The root uptake of the trace elements. . .
IRON (Fe), ZINC (Zn), MANGANESE (Mn), and COPPER (Cu) is governed by three basic principles.
1. Their presence in the soil. Many ag soils have very low levels of native Zn, Mn, and Cu and they need to be added as fertilizer to maximize crop production. There are also soils where one or more of these trace elements is abundant but they are tied up by the soil.
2. Their presence in the soil solution. It is the soil solution (the water in the soil) that delivers all nutrients taken up by roots. Practically all nutrients are taken into the roots in their dissolved, ionic forms.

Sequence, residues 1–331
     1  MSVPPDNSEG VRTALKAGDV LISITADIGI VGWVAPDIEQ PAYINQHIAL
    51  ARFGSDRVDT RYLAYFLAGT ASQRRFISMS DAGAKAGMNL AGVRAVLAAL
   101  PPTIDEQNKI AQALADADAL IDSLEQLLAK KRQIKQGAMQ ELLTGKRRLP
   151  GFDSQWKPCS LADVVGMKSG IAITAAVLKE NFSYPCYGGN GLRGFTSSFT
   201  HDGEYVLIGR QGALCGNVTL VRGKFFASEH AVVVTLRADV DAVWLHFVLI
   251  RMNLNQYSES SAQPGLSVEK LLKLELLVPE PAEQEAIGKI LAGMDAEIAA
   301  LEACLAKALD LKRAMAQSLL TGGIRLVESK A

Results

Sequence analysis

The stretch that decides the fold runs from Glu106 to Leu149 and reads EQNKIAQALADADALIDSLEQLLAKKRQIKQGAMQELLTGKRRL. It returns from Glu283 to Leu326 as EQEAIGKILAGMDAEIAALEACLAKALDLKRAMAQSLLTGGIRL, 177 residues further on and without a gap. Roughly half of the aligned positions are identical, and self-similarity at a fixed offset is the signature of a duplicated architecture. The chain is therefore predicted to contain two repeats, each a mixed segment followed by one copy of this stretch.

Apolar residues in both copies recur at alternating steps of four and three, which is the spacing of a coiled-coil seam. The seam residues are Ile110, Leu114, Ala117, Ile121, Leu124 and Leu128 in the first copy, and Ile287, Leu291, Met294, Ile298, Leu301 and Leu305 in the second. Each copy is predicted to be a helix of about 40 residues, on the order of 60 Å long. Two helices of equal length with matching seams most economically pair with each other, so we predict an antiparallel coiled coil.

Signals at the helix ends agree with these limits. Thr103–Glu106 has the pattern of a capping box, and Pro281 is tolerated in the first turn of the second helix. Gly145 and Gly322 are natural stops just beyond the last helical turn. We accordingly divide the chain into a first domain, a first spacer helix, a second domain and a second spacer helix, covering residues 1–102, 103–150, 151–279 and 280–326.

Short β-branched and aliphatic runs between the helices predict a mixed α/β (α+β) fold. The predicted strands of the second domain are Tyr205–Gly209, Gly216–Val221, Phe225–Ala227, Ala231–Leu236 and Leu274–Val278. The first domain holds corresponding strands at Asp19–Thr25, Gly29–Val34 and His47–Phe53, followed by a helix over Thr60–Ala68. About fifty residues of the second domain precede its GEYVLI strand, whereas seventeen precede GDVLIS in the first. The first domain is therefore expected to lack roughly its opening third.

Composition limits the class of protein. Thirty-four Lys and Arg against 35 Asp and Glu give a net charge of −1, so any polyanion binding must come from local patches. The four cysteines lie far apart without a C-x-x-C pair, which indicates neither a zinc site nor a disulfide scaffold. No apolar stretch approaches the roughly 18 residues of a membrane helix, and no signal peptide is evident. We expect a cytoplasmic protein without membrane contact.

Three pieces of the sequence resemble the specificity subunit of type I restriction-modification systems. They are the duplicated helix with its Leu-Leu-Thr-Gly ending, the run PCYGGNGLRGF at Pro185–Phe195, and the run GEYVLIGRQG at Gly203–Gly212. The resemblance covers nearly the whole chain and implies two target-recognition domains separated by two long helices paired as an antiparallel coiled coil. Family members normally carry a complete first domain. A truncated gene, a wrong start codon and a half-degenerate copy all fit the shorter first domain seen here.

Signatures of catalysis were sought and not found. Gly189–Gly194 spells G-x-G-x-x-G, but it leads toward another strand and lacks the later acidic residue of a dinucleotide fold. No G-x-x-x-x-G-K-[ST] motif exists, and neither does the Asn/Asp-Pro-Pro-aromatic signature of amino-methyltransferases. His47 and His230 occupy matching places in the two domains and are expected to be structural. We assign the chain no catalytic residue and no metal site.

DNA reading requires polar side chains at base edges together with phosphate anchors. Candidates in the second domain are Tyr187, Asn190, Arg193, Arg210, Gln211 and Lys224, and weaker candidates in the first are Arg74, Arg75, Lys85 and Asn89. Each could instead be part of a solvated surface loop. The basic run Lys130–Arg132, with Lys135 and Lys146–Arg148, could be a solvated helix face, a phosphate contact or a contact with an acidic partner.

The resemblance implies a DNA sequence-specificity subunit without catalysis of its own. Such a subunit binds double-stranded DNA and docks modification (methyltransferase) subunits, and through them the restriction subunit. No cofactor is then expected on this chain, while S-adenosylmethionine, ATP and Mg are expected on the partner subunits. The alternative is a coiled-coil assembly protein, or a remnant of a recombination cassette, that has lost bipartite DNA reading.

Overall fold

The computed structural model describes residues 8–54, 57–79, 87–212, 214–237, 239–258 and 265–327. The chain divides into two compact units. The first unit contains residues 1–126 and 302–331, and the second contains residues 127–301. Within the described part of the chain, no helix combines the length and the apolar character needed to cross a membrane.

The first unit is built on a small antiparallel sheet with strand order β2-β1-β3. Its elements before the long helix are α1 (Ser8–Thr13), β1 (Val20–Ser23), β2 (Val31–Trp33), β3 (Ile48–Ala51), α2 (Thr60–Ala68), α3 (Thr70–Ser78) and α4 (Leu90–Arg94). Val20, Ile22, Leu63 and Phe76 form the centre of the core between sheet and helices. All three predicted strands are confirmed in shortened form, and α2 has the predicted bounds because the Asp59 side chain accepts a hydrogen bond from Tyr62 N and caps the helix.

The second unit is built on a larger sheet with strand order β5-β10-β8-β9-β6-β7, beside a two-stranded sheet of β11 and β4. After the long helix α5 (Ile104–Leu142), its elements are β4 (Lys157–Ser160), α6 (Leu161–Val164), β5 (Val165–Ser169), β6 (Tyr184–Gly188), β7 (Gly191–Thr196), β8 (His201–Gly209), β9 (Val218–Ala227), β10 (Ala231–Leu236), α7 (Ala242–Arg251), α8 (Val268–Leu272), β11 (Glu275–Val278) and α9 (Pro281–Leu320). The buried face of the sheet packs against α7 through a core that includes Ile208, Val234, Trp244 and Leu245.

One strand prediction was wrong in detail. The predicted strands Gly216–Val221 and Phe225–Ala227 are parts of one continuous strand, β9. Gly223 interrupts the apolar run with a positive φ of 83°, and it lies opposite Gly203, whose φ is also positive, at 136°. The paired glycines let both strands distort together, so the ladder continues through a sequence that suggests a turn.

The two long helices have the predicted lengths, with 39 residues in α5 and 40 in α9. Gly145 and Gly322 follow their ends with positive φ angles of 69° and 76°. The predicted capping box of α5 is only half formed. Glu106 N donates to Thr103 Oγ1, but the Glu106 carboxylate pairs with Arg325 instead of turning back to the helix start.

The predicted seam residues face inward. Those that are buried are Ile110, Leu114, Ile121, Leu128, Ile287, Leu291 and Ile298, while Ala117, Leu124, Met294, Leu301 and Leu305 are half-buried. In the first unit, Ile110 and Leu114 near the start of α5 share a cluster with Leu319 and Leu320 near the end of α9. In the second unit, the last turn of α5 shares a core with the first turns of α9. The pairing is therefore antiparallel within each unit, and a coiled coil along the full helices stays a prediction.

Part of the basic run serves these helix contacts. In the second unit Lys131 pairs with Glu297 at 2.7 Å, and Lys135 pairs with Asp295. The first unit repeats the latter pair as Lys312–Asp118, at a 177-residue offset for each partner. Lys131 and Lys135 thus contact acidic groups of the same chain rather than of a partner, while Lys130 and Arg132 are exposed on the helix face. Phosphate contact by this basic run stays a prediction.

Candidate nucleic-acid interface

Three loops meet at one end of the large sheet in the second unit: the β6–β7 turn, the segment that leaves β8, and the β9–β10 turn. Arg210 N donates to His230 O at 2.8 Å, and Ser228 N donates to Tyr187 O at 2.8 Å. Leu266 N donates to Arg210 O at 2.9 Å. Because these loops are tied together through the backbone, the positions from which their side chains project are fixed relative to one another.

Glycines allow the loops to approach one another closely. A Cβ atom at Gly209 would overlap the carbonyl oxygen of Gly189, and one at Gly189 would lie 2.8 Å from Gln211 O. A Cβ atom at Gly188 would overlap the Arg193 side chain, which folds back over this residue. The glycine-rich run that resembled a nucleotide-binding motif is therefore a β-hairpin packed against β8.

3. The ability of the plant and the rhizosphere to increase the amount of micronutrients that are in solution and available for root uptake.
A soil solution that is acidic will dissolve more metallic micronutrients from the surrounding soil than a soil solution that is alkaline. It is a chemical principle that acids dissolve minerals. But metallic trace elements are not the only essential elements we want in the soil solution so we must not get too acidic or other nutrients will be less available. Conversely, if the soil solution is alkaline, copper, zinc and manganese will get tied up and be unavailable.